Iranian dissidents have long suspected that the country's Islamist regime has used the cover of its not-so-covert war with Israel to crack down on internal opponents, and that a leading Iranian nuclear scientist whose death was blamed on Mossad might really have been killed by his own government.
Now an opposition blogger based in London says that discrepancies in the recent trial and execution of the "Israeli spy" officially charged with killing scientist Masoud Ali Mohammadi are yet more evidence that Iranian intelligence agents may have been the real assassins.
Mohammadi, a nuclear physicist, died in January 2010 when a motorcycle parked outside his house was detonated by remote control when he walked past.
A half dozen scientists and officials linked to the nation's nuclear and long-range missile programs have died under suspicious circumstances since 2010, deaths the Iranian regime usually blames on Israel, the U.S., and the U.K. When Mohammadi died, the regime immediately blamed his murder on a "triangle of wickedness," meaning the U.S., Israel and their "hired agents."
"Zionists did it," said President Mahmoud Ahmadinejad. "They hate us and they don't want us to progress." Ali Larjani, chairman of the Iranian parliament, said the government had "clear information that the intelligence regime of the Zionist regime and the CIA wanted to implement terrorist acts."
But Western intelligence agencies had conflicting information about whether Mohammadi, a particle physicist, was really contributing to the nuclear program. Iranian dissidents. Meanwhile, said Mohammadi had been killed by the regime because he was a supporter of reformist candidate Mir Hossein Mousavi, whom many believe actually won the 2009 Iranian presidential election before vote-tampering handed the victory to Ahmadinejad. A German-based opposition group released a photo of an alleged Arab hitman who had supposedly carried out Mohammadi's assassination on regime orders.
At Mohammadi's funeral, hundreds of regime loyalists waving anti-Israel banners packed the procession, where they clashed with supporters of Mousavi's Green Movement.
More than two years later, on May 15, 2012, the Iranian government executed 24-year-old Majid Jamali Fashi, who had been convicted of assassinating Mohammadi.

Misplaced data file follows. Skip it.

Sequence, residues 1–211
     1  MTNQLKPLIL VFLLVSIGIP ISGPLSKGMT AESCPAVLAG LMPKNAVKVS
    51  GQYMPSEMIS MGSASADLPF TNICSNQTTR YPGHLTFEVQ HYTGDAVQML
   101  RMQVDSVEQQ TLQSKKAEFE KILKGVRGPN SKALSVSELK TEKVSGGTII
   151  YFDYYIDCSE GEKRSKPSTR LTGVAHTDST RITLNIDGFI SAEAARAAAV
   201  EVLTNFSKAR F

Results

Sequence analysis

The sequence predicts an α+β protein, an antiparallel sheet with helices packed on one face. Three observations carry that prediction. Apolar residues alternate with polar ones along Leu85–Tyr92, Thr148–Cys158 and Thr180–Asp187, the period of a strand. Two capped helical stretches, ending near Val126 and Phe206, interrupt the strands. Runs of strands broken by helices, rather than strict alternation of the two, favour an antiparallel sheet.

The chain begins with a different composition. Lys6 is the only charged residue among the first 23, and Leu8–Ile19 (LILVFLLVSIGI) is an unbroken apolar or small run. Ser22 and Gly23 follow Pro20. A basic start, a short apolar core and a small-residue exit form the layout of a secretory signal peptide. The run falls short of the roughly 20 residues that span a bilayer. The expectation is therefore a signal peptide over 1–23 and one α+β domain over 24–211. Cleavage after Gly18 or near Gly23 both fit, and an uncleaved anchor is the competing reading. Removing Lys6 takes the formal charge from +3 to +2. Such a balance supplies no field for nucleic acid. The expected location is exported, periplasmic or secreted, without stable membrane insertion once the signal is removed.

Iranian authorities claimed that Fashi, 24, was recruited and trained by Mossad and was paid $120,000 to kill Mohammadi. In January 2011, Iranian media had broadcast Fashi's confession, in which he said he "received different training including chasing, running, counter-chasing and techniques for planting bombs in a car" while in Tel Aviv. Fashi also confessed to receiving forged travel documents in Azerbaijan to travel to Israel, Iran's Press TV reported.
In a blog post Monday, however, London-based dissident Potkin Azarmehr pointed out that the Israeli passport displayed by Iranian television was stamped 2003, when Fashi was 15 years old, but bore the photo of a hirsute man in his 20s who is not looking directly into the camera. "No passport will be issued with such a picture, anywhere in the world," wrote Azarmehr. "You need a headshot where you are open-eyed AND looking into the camera."
Azarmehr, whose work has been published in the Guardian and the Wall Street Journal, believes that Fashi is not a Mossad agent and may never have been executed. In earlier posts, Azarmehr claimed that Fashi showed no fear in a video allegedly recorded right before his execution, and that the only official photo taken of him after his hanging shows him from far away.
Other news outlets that have reported Azarmehr's suspicions, however, have focused on the alleged forgery of the passport. The Dubai-based news channel al-Arabiya claims that the passport displayed on Iranian television has a misplaced passport number and design features that indicate it dates from the 1990s. One blogger found a facsimile of an Israeli passport with the same dates and city of origin on Wikipedia and alleges that Fashi's passport is simply a crude copy. All the blacked-out areas on the Wikipedia image, seen here, appear as blanks on Fashi's alleged passport.
The U.S. and the U.K. have denied any involvement in the deaths of Iranian nuclear scientists, while the Israeli government has declined to comment.
Reporting by the New Yorker and NBC has linked the hits on Iranian nuclear scientists to an Iranian expatriate group often identified as MEK, a group allegedly trained in the U.S. and supported by Israel.
In the past, U.S. officials have conceded that Iran has had success in identifying Western agents operating inside the country.
In 2011, Iranian intelligence minister Heidar Moslehi announced in May 2011 that more than 30 U.S. and Israeli spies had been discovered and an Iranian television program, which acts as a front for Iran's government, showed images of internet sites used by the U.S. for secret communication with the spies.
U.S. officials told ABC News that much of what was broadcast was, in fact, true. U.S. officials said the Iranian television program showed pictures of people who were not U.S. assets, but the program's video of the websites used by the CIA was accurate.
The number of CIA assets in Iran who may have been compromised could be in the dozens, according to one current and one former U.S. intelligence official.
A U.S. official speaking for the record but without attribution gave grudging credit to Iran for its efforts to detect and expose U.S. and Israeli espionage.
"Collecting sensitive information on adversaries who are aggressively trying to uncover spies in their midst will always be fraught with risk," the U.S. official said.